Historical Context

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Cultural Pride
The period of the 1920s was marked by a boom in economic prosperity followed by a stock market crash in 1929 and a depression lasting well into the next decade. "The Eatonville Anthology," published in 1926, describes a black community in the South and touches little upon affairs outside of the community. Mentioning the World War in Section XI gives readers some historical context, but the main focus of the story is on Eatonville and its residents. Racial conflicts, economic hardships, and other issues are not major themes in the story. The story captures the traditions and lore of Eatonville's people in its brief sketches, and Hurston's pride in her African-American heritage is clearly evident. Her use of dialect in the story, and her description of customs and folklore provide readers with a piece of Eatonville's history.

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The Great Migration
During the period of 1910-1950, many blacks moved from the agricultural South to the industrial North in an effort to secure jobs. This "Great Migration'' was opposed by the white power structure in the South. Needing the labor that black sharecroppers provided, states such as Alabama and Mississippi attempted to prevent blacks from leaving. However, cities such as Detroit, New York, and Chicago received hundreds of thousands of black immigrants who migrated North in hopes of finding economic prosperity and less oppressive conditions than those existing in the South. Harlem became a haven for many blacks fleeing the South, and the city experienced a cultural awakening known as the ' 'Harlem Renaissance.''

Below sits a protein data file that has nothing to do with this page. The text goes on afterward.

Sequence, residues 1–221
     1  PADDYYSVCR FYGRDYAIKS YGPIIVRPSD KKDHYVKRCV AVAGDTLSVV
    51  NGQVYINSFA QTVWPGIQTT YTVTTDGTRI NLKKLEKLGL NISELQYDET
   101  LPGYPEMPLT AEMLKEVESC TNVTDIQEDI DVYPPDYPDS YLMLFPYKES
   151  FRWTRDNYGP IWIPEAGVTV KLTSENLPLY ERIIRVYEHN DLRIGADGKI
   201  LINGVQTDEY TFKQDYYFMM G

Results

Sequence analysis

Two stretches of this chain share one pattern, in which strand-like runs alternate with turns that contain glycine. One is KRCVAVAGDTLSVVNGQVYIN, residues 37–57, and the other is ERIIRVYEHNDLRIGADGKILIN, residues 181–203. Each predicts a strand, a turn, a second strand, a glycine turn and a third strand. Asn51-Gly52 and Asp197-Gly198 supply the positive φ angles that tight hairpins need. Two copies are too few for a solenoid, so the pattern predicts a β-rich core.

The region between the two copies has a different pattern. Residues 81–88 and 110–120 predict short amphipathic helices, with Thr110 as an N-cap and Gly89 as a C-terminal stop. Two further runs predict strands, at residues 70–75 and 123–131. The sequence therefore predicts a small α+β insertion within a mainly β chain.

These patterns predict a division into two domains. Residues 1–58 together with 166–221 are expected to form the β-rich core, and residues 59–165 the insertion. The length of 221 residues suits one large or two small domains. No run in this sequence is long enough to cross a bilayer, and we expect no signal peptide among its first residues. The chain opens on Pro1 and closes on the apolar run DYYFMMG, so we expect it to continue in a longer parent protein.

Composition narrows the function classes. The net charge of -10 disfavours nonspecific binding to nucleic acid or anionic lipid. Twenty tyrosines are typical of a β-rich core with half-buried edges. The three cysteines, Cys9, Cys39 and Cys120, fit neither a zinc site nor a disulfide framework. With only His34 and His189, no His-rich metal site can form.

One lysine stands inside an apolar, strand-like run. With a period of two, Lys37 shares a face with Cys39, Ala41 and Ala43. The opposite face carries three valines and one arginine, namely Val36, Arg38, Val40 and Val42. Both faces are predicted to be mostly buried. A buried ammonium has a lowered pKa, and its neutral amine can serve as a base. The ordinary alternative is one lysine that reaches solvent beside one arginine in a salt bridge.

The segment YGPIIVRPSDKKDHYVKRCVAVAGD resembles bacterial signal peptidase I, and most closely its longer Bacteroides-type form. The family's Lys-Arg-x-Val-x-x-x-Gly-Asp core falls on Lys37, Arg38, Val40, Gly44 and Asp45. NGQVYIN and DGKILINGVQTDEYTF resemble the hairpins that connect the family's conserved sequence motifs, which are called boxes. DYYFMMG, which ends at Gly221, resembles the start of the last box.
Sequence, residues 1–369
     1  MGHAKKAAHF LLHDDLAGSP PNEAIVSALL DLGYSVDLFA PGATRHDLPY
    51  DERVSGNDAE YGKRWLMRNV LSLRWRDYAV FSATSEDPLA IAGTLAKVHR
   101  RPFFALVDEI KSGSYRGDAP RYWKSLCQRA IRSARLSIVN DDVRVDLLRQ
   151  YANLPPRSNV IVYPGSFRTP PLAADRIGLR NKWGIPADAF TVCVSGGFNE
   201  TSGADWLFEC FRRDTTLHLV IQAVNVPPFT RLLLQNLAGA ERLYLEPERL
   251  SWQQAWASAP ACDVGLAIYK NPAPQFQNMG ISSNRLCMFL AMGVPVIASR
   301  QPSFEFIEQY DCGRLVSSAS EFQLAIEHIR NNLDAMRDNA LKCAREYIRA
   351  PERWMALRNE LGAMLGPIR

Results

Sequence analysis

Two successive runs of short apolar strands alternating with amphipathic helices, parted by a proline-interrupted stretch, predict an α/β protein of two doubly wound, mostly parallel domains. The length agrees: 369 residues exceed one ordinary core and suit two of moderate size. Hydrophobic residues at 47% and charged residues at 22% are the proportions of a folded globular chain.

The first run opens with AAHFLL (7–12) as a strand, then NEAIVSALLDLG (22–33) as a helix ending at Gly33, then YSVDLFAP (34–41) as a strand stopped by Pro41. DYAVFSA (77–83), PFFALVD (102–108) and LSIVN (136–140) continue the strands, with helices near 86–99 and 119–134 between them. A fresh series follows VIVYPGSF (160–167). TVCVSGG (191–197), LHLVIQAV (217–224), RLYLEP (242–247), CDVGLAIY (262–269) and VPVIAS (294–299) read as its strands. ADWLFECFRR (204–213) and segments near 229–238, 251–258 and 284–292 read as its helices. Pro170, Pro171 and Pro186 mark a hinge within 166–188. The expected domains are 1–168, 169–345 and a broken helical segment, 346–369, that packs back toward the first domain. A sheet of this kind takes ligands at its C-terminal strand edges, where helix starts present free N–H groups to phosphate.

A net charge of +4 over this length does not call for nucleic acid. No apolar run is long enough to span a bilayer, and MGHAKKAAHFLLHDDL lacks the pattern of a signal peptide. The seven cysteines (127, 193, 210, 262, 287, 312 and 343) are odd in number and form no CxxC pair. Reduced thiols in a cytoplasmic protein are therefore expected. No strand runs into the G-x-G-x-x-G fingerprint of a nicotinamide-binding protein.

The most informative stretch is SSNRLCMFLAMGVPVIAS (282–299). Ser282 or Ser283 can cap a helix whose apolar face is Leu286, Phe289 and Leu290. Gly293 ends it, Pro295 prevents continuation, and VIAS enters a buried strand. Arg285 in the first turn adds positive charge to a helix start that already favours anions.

Harlem Renaissance
The Harlem Renaissance was the first intellectual and artistic movement that brought African-American writers and artists to the attention of the entire nation. Critics mark the defining event of the Harlem Renaissance as the 1925 publication of The New Negro: An Interpretation, an anthology edited by Alain Locke. The major force of the movement was generated from a large group of black artists who lived in New York during the 1920s. This gathering of artists and intellectuals led to an outburst of literary, artistic, and musical work that began to receive widespread recognition and critical appraisal. African-American writers in this group included: Langston Hughes, poet, novelist, and playwright; Jean Toomer, author of the distinguished collection of poetry and poetic prose entitled Cane; the poets Countee Cullen and Claude McKay; the novelists Eric Waldron and Zora Neale Hurston; and the poet and novelist Arna Bontemps, who was to become the historian of the movement.

Folklore and Tradition
After graduating from Barnard College in New York City, Hurston returned to Eatonville to study her townspeople. As an anthropologist, she treasured the myths, legends, and folklore that combined to create the unique African-American culture. Hurston's cultural pride and anthropological interests fused in her fiction. She recorded the voice of her native townspeople in an authentic manner, effectively capturing the mood, speech patterns, attitudes, and customs of Eatonville. Today, one of the most noted features of Hurston's fiction is her use of the African-American dialect in the speech of her characters. The movement toward declaring and preserving black pride and identity that began in the 1920s continues to grow.